Clayhall Cemetery

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A brief history of Clayhall Royal Naval Cemetery
The Royal Hospital Haslar opened in October 1753 and from the date all those who died either at Haslar, or aboard ships in Portsmouth Harbour or at Spithead were interred in the grounds of the hospital.
In April 1859 the Haslar Cemetery closed and the Clayhall Cemetery was opened for the interment of Naval Personnel.
Here in these peaceful surroundings you will find the last resting place of over 1,500 British Sailors who died in the service of their country in two world wars and others who lost at sea in other conflicts and peacetime accidents.
One corner of this cemetery, a foreign field, is forever Turkish with graves of 26 Turkish Sailors.
Dead Man's Lane from Haslar to Clayhall Haslar Road sign
Entering Clayhall Road from Haslar Road
Clayhall Cemetery Gates Funeral processions left from Haslar for the cemetery but the band was not permitted to start the funeral march until entering Clayhall Road for fear of upsetting patients.
The road running the length of Haslar Hospital was called 'Dead Man's Lane' or mile because of the number of funeral processions which travelled from Haslar to Clayhall.
A1 Crew Cortege from Haslar to Clayhall

Cross of Sacrifice & Chapel 1880's Graves
Tomb of Fleet Surgeon Gilbert Kirker MD RN 1903 Cross of Sacrifice commemorating those who lost their lives in battle

HMS Archer MemorialHMS Thunderer MemorialZulu War Memorial
In Memory to the Officers, Seamen and Marines who died of Yellow Fever on the West Coast of Africa between 1864 and 1866.On the 14th July 1876, a steam boiler explosion killed more than 40 officers and sailors including the CO on board HMS Thunderer at Stokes Bay.In memory of Sailors and Marines who were killed in action and died of diseases during the Zulu War of 1879
HMS Archer Obelisk Anchor Sculpture on the Headstone HMS Thunderer Obelisk Inscription Zulu War Obelisk
     
HMS Eurydice Memorial
On return from the West Indies HMS Eurydice sank on the 24th March 1878 in a freak blizzard, off Ventnor, Isle of Wight. With the sails still set and gunports open the ship sank in minutes with only two survivors from a crew of 364.
The loss of the Eurydice caused the Navy to abandon sail training and the day of the Man of war was over.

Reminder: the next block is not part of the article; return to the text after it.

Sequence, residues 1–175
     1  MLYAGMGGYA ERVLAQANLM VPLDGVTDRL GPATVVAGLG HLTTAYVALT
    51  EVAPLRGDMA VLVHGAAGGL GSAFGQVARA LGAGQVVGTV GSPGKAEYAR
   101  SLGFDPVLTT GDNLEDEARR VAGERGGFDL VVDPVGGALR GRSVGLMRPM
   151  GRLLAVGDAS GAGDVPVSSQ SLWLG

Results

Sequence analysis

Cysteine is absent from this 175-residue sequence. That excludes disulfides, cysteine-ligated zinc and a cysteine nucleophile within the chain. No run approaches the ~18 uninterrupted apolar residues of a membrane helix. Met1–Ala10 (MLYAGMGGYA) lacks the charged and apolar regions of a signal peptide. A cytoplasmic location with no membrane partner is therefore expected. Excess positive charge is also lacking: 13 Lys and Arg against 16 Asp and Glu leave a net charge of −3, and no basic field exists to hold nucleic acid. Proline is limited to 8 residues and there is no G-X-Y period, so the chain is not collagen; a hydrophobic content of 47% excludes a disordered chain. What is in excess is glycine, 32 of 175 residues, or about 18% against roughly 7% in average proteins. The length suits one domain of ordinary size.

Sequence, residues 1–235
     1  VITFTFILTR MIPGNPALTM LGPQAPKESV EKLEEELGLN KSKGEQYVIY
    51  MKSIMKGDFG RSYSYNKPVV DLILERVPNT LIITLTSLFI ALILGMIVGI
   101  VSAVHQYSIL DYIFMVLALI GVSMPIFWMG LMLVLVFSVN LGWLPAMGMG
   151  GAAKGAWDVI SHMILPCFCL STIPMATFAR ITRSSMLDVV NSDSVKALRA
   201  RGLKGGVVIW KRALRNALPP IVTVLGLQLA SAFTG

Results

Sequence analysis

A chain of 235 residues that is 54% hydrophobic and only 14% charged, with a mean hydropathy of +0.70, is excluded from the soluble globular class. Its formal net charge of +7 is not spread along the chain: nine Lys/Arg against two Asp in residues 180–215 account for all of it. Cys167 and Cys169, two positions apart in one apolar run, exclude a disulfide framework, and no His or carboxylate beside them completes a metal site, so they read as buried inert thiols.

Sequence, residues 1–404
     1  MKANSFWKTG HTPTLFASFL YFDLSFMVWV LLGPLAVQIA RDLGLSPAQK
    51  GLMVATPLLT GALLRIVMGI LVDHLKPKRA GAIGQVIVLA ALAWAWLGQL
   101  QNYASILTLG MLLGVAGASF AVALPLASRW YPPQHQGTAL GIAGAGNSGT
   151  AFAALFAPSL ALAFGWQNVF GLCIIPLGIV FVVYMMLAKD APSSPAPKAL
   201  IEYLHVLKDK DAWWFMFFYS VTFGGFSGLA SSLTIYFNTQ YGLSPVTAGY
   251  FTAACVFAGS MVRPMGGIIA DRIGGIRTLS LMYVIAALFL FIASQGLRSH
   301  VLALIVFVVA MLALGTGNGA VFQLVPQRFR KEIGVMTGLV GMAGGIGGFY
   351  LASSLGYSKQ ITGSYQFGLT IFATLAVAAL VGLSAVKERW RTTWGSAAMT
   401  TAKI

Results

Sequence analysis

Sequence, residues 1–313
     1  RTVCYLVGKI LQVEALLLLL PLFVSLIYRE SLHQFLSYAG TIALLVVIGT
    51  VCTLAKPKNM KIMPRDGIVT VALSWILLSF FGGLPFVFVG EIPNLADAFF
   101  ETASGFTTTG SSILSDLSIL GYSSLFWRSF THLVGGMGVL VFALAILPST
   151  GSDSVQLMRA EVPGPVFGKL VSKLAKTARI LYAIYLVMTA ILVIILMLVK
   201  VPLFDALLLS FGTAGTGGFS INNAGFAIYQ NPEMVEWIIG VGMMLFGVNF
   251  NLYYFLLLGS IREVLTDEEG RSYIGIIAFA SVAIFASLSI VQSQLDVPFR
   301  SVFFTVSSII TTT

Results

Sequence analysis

HMS Eurydice is reputed to still sail as a ghost ship, with regular sightings in the area in which she sank and in the 1930's caused a Gosport Based submarine to take evasive action in order to avoid striking a full-rigged ship, which promptly disappeared.
Monumental Stone with Eurydice's anchor
Monumental Stone with Inscription

First World War 1914-1918Second World War 1939-1945
Rows of Headstones Headstone Rows and Lines of Headstones Grave of an Unknown Soldier

Individuals
Sculptured Anchor on Grave Marine Private 1877 Simple Cross 1956  
    
HM Submarine A1 Memorial
Sank off Isle of Wight after collision with SS Berwick Castle
On Friday March 18th 1904, whilst on exercise off the Isle of Wight HMS A1 was tasked with 'attacking' HMS Juno. The mock attack began early in the afternoon: HMS Juno had been sighted heading towards Portsmouth Harbour. First to attack were the Holland Boats, after which came A1's turn. As A1 closed in for the kill she was struck on the starboard side, near the conning tower, by the steam ship Berwick Castle, on route from Southampton to Hamburg. Unaware of the Submarines in the area the master of the Berwick Castle reported that he believed he had been struck by a practice torpedo and continued his journey. It was not until A1 failed to return to harbour that the full scale of the disaster was known.
HM Submarine A1 - Royal Naval Submarine Service's first loss HM Submarine A1 Obelisk Inscription of RN Submarines Service's first casualities Grave of HMS A1 Sailor
  
HM Submarine L55 Memorial
In Memory to the 42 Officers and Sailors of HM Submarine L55 sunk in the Baltic Sea on 9th June 1919.
Whose bodies returned for burial in 1928 and lie in a collective grave.
HM Submarine L55 Monumental Block

Graves of Turkish Sailors - 1850-1851

In November 1850, two ships of the Turkish Navy, the Mirat-ý Zafer and Sirag-i Bahrý anchored off the Hardway - Gosport. The visit lasted several months and during this time most of the members of the crew contracted Cholera and were admitted to Haslar Hospital for treatment, from those who were admitted most of them died and other sailors died because of training accidents. In total 26 died and were laid to rest in the grounds of Haslar.
At the turn of the 19th Century the bodies were exhumed and transferred to Clayhall Cemetery where they now lie in peace.

"They set sail for eternity and met their creator, and here they are laid to eternal rest."

Cemetery Plaque
Entrance to the Turkish Naval Cemetery  Turkish Naval Graves Turkish Naval Graves
Tombstone showing Turkish and English inscription Tombstone in Turkish style Turkish Tombstone Inscription
   

 

Copyright on all photo's remain the property of MoD, Haslar Heritage Group, Eric Birbeck and Nicola Smith and are not to be reproduced without prior permission.
Site Design by Nicola Smith in conjunction with Ann Ryder
Background image reproduced by kind permission of John Pounds
Source: http://intheworks.page.tl/Tools-of-the-Trade-d--Spindle-Sander-Review.htm